Cast iron rusts. Rust is the enemy, it is vitally important that you carefully clean and immediately dry your dutch oven after each use. Now if you have an aluminum oven it’s a whole different story but any amount of moisture left on the surface of your iron oven will oxidise. It doesn’t take long for rust to form, it can happen right before your very eyes. After I wash and rinse my ovens I take a paper towel and dry every nook and cranny, including under the lid handle, between the raised lettering and where the wire bail attaches to the sides.
Everybody has their own way of cleaning their dutch ovens. Some chuck wagon cooks insist on only using salt, some spray vinegar and water on baked on food while it is still warm, and most everyone will tell you never to use soap in your cast iron. I must confess I do on occasion use dish soap to clean my ovens. When I do, it is usually after I have cooked something that has left a lot of grease behind in the pot. I use a tiny droplet of detergent, swish it quickly with a brush or plastic scrubbing pad, rinse it with hot water and dry. If there’s a stubborn baked on crust, I first try my little plastic scraper made especially for dutch ovens. If that doesn’t do the trick I heat the tea kettle on the stove, pour in an inch or so of boiling water, scrub it gently with a long handled brush, rinse again with hot water and dry right away. Pouring cold water on hot iron can crack your pot and vise versa so be careful of extremes in temperature.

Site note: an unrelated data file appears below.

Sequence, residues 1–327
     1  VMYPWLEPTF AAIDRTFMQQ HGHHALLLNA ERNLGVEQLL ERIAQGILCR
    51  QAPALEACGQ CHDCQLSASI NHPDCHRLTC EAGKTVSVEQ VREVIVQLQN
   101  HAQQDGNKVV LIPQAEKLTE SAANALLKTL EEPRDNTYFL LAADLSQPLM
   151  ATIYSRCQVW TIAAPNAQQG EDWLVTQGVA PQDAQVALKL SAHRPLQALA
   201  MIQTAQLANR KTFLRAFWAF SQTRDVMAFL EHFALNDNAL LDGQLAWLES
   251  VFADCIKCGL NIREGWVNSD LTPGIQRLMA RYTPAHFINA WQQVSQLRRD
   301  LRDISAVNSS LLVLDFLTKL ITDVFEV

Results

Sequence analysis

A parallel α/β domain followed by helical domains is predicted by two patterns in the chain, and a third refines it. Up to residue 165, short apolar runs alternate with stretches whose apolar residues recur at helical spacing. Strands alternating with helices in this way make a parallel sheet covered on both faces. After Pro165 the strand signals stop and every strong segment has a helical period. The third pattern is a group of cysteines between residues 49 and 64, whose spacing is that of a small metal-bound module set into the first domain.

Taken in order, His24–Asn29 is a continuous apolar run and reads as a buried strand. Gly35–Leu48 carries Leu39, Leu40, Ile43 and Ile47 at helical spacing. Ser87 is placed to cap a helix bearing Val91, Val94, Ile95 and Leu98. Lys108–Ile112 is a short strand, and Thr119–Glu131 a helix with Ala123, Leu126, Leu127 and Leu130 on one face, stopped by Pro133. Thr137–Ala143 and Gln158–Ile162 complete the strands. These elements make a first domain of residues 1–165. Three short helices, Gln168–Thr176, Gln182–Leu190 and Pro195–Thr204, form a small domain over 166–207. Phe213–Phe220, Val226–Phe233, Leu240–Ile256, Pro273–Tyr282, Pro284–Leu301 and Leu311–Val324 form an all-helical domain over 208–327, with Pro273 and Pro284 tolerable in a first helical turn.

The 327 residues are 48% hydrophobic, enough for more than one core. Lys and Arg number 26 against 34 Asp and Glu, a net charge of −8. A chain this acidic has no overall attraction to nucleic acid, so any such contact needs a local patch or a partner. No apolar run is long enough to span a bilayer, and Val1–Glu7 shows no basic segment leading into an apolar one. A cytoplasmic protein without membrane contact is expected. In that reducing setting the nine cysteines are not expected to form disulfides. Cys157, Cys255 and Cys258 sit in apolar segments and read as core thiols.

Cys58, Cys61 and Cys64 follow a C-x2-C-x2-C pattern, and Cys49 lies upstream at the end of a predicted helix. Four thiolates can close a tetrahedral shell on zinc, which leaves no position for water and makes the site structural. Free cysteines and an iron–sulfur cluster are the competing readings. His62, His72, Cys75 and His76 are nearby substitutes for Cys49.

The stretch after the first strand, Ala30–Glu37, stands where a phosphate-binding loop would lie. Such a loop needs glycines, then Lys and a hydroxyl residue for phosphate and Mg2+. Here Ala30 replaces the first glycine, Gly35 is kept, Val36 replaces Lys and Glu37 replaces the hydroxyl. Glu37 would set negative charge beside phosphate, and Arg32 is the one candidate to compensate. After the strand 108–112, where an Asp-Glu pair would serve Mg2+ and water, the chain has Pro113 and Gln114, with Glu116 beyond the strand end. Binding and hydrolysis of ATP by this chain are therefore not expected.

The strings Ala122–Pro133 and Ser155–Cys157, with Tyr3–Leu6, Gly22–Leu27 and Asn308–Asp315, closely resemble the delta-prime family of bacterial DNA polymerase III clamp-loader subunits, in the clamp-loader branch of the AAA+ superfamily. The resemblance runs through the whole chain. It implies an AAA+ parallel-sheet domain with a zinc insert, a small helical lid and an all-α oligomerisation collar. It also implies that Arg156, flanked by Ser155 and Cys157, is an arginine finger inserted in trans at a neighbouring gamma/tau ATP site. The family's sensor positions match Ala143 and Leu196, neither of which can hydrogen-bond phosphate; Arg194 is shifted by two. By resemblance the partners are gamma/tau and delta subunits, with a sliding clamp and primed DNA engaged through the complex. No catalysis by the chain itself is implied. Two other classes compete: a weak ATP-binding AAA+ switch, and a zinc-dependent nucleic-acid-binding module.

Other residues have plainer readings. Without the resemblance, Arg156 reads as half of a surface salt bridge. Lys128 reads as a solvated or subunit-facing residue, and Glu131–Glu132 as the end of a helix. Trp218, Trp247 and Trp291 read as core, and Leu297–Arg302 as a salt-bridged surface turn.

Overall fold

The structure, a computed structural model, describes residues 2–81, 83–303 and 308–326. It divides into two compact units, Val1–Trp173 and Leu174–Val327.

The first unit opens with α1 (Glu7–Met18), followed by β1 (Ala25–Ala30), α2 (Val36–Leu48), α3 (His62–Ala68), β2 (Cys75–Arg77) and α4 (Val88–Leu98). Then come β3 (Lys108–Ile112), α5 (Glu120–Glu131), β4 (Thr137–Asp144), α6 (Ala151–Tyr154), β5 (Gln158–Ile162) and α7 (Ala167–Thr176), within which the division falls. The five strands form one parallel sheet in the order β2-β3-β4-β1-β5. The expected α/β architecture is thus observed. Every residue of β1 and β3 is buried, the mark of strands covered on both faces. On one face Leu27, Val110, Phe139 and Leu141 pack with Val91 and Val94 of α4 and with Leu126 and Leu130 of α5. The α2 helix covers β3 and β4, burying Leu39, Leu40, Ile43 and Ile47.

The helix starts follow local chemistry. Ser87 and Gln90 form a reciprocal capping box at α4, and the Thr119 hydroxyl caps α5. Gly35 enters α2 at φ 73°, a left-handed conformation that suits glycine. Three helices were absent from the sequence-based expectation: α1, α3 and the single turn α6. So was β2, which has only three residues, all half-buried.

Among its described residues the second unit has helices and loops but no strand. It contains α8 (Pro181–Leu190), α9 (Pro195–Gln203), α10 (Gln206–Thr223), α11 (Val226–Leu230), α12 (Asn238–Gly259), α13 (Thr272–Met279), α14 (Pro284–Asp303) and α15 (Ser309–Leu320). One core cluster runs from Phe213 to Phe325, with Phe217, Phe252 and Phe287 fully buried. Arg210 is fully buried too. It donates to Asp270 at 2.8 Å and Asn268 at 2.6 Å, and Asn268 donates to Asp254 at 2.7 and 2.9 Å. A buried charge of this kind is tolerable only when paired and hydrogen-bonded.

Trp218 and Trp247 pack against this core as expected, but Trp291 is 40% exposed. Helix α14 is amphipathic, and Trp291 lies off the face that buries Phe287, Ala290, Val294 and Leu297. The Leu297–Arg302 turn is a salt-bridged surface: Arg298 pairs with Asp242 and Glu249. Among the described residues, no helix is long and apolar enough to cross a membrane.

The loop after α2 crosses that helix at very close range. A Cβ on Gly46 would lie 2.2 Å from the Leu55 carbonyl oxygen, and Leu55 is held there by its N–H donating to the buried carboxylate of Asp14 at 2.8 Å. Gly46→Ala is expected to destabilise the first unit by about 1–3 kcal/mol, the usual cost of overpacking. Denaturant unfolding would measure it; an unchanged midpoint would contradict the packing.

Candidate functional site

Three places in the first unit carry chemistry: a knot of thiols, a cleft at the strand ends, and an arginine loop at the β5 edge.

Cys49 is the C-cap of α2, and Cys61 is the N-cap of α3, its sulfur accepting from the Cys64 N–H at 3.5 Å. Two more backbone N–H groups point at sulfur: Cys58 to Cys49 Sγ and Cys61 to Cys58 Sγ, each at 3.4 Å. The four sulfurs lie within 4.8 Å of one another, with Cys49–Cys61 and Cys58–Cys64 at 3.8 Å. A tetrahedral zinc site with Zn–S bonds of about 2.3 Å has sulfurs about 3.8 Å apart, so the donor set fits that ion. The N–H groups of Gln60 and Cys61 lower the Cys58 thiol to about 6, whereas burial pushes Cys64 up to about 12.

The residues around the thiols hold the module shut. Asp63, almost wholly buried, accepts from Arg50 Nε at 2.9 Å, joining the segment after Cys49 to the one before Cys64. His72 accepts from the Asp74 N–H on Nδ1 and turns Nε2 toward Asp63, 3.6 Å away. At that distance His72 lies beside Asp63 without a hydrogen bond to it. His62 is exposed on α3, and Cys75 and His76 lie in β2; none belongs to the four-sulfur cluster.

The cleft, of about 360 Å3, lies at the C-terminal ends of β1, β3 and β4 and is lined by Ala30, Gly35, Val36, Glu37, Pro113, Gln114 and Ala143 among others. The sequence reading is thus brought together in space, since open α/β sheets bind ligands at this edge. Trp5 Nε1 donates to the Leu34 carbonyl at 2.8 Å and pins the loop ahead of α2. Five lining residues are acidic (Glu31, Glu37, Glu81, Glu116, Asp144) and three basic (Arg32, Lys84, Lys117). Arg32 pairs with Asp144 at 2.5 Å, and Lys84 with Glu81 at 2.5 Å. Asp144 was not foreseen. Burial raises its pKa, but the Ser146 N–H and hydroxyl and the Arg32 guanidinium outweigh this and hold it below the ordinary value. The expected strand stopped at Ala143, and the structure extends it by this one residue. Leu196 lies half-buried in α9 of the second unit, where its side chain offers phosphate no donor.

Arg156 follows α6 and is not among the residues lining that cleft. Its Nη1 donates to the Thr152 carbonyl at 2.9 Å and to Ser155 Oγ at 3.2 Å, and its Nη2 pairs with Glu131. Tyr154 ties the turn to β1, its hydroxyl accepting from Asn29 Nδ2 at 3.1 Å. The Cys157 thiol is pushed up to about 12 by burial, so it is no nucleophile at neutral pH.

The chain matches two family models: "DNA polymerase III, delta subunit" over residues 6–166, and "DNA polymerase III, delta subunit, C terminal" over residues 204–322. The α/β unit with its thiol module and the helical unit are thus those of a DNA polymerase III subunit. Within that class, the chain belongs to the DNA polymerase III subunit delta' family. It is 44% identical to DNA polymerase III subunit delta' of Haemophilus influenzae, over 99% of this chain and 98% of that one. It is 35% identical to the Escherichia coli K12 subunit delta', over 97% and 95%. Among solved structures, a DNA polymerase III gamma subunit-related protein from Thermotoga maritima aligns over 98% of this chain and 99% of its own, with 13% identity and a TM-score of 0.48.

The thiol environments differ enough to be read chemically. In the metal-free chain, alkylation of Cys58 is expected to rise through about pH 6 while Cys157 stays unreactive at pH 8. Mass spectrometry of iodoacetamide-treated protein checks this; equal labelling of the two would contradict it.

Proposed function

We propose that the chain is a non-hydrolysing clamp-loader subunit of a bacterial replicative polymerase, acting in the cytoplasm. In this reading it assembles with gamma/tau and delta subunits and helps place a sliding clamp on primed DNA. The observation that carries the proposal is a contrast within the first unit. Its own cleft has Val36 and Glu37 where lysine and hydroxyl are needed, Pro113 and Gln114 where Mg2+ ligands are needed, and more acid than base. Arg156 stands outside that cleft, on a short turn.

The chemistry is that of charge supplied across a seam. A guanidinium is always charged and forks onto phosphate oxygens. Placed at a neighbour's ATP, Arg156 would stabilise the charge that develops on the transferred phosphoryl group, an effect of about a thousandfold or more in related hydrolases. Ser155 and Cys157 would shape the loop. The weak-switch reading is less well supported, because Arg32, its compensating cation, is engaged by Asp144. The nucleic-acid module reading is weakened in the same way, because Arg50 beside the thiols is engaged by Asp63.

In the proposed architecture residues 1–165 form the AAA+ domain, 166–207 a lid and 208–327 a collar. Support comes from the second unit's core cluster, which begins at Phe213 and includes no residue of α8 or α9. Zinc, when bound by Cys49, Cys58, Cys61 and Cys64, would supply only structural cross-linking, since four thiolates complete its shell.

I lightly oil or spray my ovens before I cook in them, oiling them after cleaning can cause the oil to become rancid. Store them with a folded piece of paper towel inside to absorb the excess moisture and to be on the safe side, I crack the lid to keep the air circulating inside. The best way to care for your ovens is to use them often. Most of the top companies now sell preseasoned ovens, all you have to do is open the box and start cooking. I tend to baby my pots but I have to remind myself that people have been cooking with cast iron for centuries. For generations dutch ovens have been buried in the ground, driven across the plains and scorched in campfires around the world. With a little bit of care your dutch oven will serve you well and give you a lifetime of enjoyment.